"Bras & Broomsticks," the first book in Sarah Mlynowski's "Magic in Manhattan" series, introduces readers to 14-year-old Rachel Weinstein, an average high school freshman who learns that her mother and younger sister, Miri, are both witches - and she's not.
The book begins with Rachel receiving a surprise gift in between classes at school: shoes she drooled over at the store that her mother couldn't afford. But how did they end up in her locker? When her mother calls and tells her to come home right away after school, Rachel is annoyed - this is the first time the "A-list" crowd has invited her for pizza. But she goes home, only to learn that her mom and little sis, Miri, are witches. Could this day get any worse?
Rachel's mother instructs Miri to not use her powers or spells until she's been properly trained, but Rachel has other plans. She wants to convince her sister to make her dance well, so she can star in a student production and be accepted into the cool crowd at school. Oh, and she also wants her sister to put a spell on her father's soon-to-be new wife, so they don't get married and her parents can get back together. Sounds reasonable, right?
Rachel is impulsive and realizes that if she did have magical powers, she would just use them to make everything go her way. So instead, she tries to manipulate her 11-year-old sister to do her dirty work for her. As you can imagine, there are consequences to every spell and the magic doesn't always work the way it should - a hard lesson the girls must learn first-hand.
The dialogue and character interactions were realistic and reminded me of that awkward time when I was a high school freshman just trying to fit in. Rachel forgets about her true friends for her new crowd, who don't support her and don't even seem to really like her. When Rachel's powers wear off - thanks to her mom reversing Miri's spells - her new friends are quick to judge her and get angry when things don't go as planned.
I especially liked this interaction between Rachel and her sister about why her mother no longer practices magic:
Miri: "She said experiencing the bad makes you stronger. Bad things make you a more interesting person. More profound."
Rachel: "In that case, I must be the most interesting person alive.
As for the future stepmother plotline, I was pleased with the way Mlynowski handled the character disputes. At one point, Miri puts STB (soon-to-be stepmonster, shortened to STB, aka Jennifer) under a truth spell and the girls realize that she really does care about them and want them to like her. Oh. They weren't expecting that, and they begin to feel guilty for how they've been treating her.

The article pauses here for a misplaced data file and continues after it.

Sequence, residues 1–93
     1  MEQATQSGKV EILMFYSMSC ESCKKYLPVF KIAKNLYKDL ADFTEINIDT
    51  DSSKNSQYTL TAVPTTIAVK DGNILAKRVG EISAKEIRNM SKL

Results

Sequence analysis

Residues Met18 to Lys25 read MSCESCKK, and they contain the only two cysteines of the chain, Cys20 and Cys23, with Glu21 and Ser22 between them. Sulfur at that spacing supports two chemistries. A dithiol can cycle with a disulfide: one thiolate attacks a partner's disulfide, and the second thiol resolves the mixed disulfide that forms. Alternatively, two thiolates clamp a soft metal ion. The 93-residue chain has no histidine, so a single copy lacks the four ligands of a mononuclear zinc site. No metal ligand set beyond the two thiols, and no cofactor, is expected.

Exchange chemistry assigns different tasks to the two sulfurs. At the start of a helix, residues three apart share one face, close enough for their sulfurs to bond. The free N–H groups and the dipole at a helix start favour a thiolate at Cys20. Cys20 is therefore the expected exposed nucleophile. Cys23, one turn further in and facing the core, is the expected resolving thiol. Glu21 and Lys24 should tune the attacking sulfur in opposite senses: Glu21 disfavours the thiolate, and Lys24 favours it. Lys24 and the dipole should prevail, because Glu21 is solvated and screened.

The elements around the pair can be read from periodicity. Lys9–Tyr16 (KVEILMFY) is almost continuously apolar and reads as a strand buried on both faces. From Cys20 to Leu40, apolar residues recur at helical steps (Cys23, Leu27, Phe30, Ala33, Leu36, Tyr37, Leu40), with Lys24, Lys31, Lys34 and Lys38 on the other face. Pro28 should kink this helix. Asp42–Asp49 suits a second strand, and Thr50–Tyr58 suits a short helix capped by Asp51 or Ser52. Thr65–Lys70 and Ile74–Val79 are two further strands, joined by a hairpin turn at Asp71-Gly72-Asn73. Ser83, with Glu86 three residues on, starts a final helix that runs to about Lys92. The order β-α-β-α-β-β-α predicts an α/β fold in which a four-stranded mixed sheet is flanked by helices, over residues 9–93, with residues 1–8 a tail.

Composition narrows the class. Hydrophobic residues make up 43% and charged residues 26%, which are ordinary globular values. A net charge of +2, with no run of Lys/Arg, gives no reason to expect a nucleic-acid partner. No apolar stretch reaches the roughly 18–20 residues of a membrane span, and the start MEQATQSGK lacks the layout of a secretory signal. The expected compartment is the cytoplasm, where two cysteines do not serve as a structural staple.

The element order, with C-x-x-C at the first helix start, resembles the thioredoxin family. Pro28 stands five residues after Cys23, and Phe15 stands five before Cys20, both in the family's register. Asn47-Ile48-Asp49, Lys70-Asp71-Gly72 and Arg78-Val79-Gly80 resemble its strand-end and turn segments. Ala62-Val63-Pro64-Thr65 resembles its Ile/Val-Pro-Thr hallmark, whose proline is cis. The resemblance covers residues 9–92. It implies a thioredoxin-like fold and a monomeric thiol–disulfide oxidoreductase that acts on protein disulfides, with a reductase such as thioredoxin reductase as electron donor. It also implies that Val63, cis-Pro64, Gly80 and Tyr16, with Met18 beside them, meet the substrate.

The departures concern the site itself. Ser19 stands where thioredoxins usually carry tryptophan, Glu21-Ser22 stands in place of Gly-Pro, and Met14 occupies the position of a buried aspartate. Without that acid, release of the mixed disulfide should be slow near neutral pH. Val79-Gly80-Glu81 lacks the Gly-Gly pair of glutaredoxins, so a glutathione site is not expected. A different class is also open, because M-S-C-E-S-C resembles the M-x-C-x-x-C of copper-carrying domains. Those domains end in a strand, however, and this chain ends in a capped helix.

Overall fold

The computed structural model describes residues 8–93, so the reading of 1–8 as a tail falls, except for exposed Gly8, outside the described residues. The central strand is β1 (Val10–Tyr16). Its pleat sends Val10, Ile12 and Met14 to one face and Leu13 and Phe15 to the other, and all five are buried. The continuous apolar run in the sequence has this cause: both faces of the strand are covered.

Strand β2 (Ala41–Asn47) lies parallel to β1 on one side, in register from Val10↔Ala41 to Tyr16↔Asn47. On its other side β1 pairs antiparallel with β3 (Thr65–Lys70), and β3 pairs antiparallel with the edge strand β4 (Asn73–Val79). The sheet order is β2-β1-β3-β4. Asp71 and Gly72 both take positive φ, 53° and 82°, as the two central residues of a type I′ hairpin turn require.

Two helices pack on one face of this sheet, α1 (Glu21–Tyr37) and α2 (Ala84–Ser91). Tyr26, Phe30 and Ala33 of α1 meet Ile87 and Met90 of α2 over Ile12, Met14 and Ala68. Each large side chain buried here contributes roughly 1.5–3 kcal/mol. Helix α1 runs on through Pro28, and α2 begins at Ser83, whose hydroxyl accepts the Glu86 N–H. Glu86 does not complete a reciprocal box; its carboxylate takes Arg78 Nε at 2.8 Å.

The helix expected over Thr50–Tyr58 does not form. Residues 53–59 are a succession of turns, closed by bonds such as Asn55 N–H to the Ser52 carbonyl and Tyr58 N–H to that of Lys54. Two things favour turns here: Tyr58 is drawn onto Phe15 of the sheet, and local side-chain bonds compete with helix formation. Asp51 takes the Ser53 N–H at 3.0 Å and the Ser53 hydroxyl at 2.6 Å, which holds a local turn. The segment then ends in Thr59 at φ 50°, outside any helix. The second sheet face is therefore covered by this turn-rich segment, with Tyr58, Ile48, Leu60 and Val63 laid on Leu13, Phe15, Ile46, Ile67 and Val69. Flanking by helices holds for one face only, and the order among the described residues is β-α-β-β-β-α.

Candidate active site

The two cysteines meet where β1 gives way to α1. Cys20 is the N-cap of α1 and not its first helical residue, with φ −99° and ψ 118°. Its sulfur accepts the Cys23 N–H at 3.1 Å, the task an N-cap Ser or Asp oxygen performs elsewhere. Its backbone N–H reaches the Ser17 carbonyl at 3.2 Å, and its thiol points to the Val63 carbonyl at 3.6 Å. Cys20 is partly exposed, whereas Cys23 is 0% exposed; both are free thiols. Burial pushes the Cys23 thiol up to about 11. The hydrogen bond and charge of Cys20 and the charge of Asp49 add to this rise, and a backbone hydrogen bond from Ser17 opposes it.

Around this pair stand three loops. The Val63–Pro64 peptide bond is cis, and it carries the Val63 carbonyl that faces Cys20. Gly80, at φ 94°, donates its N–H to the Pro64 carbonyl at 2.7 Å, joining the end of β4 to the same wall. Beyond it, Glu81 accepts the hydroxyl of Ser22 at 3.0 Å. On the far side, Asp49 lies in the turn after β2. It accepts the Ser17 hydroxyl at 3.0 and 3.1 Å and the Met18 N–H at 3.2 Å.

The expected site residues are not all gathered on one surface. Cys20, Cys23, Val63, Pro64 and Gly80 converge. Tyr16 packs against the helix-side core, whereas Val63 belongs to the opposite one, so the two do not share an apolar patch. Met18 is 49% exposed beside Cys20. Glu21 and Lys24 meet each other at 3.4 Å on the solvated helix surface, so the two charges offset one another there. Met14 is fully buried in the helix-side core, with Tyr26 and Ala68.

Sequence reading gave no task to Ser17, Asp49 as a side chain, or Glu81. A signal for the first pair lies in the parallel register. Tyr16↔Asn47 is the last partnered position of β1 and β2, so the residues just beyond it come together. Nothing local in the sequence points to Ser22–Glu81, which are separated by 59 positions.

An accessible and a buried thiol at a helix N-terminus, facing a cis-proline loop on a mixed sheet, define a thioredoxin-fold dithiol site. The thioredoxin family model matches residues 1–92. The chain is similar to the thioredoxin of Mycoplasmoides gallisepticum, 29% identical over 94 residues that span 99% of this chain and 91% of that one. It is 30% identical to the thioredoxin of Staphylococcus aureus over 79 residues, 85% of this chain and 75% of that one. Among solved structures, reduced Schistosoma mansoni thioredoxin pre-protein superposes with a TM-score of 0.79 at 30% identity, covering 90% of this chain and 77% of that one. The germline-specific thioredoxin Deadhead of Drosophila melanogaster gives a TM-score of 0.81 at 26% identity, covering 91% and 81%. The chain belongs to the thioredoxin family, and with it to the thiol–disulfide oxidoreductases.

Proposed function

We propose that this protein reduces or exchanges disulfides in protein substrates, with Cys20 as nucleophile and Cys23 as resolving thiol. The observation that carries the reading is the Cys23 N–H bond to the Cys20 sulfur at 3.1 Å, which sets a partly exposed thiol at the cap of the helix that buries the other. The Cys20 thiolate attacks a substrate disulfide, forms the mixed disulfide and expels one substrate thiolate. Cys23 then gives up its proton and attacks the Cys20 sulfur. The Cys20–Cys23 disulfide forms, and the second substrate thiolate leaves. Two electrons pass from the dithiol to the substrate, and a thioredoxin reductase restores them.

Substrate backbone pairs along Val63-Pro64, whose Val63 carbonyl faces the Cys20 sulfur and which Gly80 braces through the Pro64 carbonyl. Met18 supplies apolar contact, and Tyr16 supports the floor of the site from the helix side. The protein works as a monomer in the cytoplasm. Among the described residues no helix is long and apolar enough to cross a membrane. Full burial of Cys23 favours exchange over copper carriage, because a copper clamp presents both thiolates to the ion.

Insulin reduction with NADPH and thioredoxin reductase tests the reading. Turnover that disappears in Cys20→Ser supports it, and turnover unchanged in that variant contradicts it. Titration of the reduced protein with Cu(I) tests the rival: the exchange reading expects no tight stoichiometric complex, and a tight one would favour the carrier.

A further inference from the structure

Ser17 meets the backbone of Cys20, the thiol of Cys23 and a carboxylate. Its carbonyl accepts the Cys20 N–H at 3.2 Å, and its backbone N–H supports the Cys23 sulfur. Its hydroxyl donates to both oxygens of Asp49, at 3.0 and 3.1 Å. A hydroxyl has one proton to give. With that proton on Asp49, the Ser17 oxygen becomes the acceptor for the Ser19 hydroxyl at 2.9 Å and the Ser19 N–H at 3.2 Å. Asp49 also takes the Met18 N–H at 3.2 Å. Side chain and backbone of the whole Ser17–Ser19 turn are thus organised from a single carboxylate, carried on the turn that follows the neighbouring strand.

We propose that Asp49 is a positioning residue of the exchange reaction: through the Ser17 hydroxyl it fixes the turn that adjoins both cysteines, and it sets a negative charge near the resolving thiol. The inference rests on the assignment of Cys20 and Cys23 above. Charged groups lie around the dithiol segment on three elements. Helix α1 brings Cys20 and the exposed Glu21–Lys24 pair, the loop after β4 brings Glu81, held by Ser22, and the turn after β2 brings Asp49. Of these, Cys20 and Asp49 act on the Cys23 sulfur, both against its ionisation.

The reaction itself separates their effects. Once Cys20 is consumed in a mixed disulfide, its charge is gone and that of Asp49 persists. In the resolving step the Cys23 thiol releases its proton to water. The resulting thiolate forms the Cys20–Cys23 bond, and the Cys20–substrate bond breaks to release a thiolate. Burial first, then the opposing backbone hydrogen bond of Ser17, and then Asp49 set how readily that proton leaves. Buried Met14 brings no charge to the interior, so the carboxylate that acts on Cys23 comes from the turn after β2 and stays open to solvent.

When the girls plot to get their parents back together, it is their mother who is the voice of reason. As a witch herself, she tells them that she could have easily put their father under a spell, but it wouldn't have been real love.
There are many cringe-worthy moments where Rachel's youth and maturity levels are brought to the surface and I think that is what makes Mlynowski's characters so relatable. Rachel, while talking about Raf, a boy she has a crush on: "How sweet is he? Not only does he still want to go to the Fling with me, but he's a good son. He's like chocolate mixed with cotton candy mixed with Kool-Aid. If I weren't so in love, I would get a cavity." It also reminded me how shallow some of my actions were when I was in high school and worried about who would take me to the dance and what I would wear. But unlike Rachel, I didn't try to sabotage a wedding because it was to take place on the same night as a school dance.
"Bras & Broomsticks" came out in 2005 and was the first in the series, followed by "Frogs & French Kisses," "Spells & Sleeping Bags" and "Parties & Potions," which finished off the series in 2008. I plan on reading the rest of the series. Each book is fun and a quick read.
Interestingly, the books originally were called the "All About Rachel" series. "Bras & Broomsticks" reportedly was going to be a full-length movie starring Emma Roberts and was hinted in the acknowledgements of "Frogs & French Kisses" but appears to have stalled in pre-production. Such a shame, because I think this could be a really great series and introduce young readers to a great set of books.